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fear and its bark

driving to school the past few mornings we pass an older gentlemen walking his two Chihuahuas in the cutest pink sweaters you have ever seen. we "ooh! and "ahhh!" but this morning a larger dog was walking his owner next to them and there was a cyclone of pink barking and bouncing up and down and back and forth and putting on a hilarious show. my daughter asked, "why is it it's always the little dogs that freak out so much like that? the bigger dog isn't even moving!" and I took a moment to use this as an object lesson.


I love object lessons!


I asked her "why do you think the larger dog doesn't bark or move?". "well, because he could eat them up in one bite" she answered. I then asked, "what do you think the little dogs are feeling, that would make them jump and bark like that?" she thought for awhile and answered the answer of what is the root to almost every question or negative action, FEAR.


I told her the story of when I was in a crappy car accident in high school, and the other driver was ranting and raving and yelling and blaming and pointing fingers, and I was stunned, because after making sure she was ok, I just kind of, sat there, and maybe cried because she was being so mean. the police officer told me, "just so you know, it's pretty easy to see who is at fault on the scene of an accident right away just by watching the actions and emotions of the drivers. only people who have fear of being at fault, put up a huge fuss and freak out."



I've remembered that analogy and thought of the tiny, vulnerable and fear filled chihuahuas. She was right, that big dog could probably just sneeze and blow them away. so they are putting up a huge fuss and a big fight to make it 'look' like they are bigger and more dangerous than they are. although if you ask me, a chihuahua's bark is terrifying enough on its own to make me run away or give it everything it wants, much like a tired 3 year old.


but back to fear. as a parent, I look at the times I'm barking, and bouncing and yelling and doing all kinds of stupid things to get people to comply to my wants and needs or to make them feel guilty for not complying. if it's really, truly, deep down about fear, then what am I afraid of?


my deepest parental fears? that I'm failing my kids. that I'm either a. ruining them by being too strict or b. ruining them by being too lenient. basically the giant fear that I am ruining them. or that I'm parenting wrong . or that they will never feel loved. or they won't be able to be empathetic and give love.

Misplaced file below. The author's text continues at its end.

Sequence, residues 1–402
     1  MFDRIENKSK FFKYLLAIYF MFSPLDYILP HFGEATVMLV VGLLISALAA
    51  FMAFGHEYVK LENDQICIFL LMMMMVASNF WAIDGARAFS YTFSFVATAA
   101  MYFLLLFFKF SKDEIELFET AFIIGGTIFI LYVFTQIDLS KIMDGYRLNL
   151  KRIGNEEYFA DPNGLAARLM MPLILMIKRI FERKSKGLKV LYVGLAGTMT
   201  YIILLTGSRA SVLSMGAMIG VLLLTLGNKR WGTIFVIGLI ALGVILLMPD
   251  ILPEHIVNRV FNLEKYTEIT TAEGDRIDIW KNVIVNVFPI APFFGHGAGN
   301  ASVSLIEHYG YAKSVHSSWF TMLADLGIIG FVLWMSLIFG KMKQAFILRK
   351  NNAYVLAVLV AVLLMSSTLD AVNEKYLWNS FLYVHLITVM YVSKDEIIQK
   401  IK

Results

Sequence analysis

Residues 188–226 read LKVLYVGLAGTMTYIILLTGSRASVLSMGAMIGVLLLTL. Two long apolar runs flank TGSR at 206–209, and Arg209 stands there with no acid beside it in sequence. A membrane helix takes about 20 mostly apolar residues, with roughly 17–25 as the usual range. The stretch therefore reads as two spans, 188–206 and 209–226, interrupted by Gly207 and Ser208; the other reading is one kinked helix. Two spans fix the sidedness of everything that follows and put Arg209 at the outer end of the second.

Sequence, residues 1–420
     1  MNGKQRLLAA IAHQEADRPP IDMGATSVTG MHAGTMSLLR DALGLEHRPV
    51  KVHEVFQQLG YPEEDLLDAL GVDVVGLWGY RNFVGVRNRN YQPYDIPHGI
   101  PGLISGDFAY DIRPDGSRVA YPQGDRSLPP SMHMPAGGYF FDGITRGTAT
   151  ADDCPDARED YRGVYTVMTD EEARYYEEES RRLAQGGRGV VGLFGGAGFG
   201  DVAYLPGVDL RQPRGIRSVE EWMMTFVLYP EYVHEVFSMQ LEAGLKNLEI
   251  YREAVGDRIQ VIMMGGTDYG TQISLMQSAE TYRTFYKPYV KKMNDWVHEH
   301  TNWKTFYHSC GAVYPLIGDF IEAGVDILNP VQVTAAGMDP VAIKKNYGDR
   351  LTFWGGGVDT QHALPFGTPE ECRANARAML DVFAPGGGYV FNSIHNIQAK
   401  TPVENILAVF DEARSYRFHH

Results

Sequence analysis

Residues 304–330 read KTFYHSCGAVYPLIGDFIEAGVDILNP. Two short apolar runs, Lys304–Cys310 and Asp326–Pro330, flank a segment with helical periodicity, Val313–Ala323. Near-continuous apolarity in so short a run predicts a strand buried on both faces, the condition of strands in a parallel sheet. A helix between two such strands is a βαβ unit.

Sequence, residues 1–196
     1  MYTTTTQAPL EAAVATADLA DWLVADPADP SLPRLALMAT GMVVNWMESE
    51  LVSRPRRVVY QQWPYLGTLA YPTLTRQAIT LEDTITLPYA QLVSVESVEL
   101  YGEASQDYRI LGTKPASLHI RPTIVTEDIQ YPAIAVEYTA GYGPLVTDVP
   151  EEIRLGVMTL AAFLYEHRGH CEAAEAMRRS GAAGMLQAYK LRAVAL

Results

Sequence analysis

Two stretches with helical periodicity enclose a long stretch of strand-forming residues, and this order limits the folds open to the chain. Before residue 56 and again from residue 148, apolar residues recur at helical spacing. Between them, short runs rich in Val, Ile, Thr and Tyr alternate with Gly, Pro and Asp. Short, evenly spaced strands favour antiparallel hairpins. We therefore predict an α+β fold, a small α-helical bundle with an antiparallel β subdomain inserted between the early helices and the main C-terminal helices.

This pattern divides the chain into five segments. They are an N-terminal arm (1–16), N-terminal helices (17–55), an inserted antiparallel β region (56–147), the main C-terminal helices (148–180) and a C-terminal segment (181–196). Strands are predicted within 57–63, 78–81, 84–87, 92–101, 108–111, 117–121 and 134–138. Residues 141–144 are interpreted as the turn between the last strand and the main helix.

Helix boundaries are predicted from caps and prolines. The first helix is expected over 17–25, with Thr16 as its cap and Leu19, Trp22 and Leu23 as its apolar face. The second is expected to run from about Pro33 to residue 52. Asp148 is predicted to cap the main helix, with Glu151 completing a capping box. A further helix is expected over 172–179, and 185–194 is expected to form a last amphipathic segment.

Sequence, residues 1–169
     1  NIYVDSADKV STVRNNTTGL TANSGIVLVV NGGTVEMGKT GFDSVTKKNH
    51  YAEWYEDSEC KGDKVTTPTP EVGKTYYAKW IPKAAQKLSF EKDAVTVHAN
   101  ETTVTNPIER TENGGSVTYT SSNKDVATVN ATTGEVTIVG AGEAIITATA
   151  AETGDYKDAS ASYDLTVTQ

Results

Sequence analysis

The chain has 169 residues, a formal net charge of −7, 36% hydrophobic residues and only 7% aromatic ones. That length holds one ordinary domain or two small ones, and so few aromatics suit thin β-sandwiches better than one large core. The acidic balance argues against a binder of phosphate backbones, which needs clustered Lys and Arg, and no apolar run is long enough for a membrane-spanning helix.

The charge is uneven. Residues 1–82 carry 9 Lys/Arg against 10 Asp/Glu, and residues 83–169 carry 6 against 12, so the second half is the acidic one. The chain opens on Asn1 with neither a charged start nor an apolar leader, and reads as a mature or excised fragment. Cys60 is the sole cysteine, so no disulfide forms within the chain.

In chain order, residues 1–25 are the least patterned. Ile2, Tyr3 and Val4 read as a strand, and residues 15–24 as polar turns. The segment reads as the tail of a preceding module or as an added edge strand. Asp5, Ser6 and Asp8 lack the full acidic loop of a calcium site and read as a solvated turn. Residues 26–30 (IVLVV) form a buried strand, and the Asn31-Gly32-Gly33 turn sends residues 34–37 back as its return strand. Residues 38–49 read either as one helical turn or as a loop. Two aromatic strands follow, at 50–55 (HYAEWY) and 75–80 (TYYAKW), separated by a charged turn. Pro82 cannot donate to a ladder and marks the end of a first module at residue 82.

I have a fear of not being needed or important. well isn't that a juicy one you don't want anyone to know? where have I learned that being needed or important means being bossy, controlling or ruling with a giant, fearful, iron fist? from my parents. where did my parents learn that? from their parents? where did that come from?


from fear.


I told my sweet Abigail, "now every time someone is ranting and raving and pushing you around you can imagine them as a tiny little chihuahua on a leash in a bright bubblegum pink sweater bouncing all over the sidewalk". you can just say to them (or yourself) " you are just a tiny little fearful puppy!" or as Jenn Sincero quipped,


"I am just a little bunny, working on my problems".

we are all little bunnies, or chihuahuas, or little 3 year olds, just lost and afraid and full of fear and trying to work on our problems. doesn't that help your patience level? you can take a deep breath and realize the giant turd of a person, is just so afraid. and feels so alone, and might just need a cute fuzzy sweater and a snack and some alone time to feel better.



the more you face your inner bunny, or chihuahua or little child inside you and help look at their fears, heal them, and reassure them that life is not a giant German shepherd trying to eat you up, but instead it's a wonderful, loyal, furry friend who If you give him the chance, will do anything and everything you ask and protect you from anyone who tries to mess with you. it really just comes down to letting go of the fears, and if you're anything like me, there are more than a few (hundred).


-Annie
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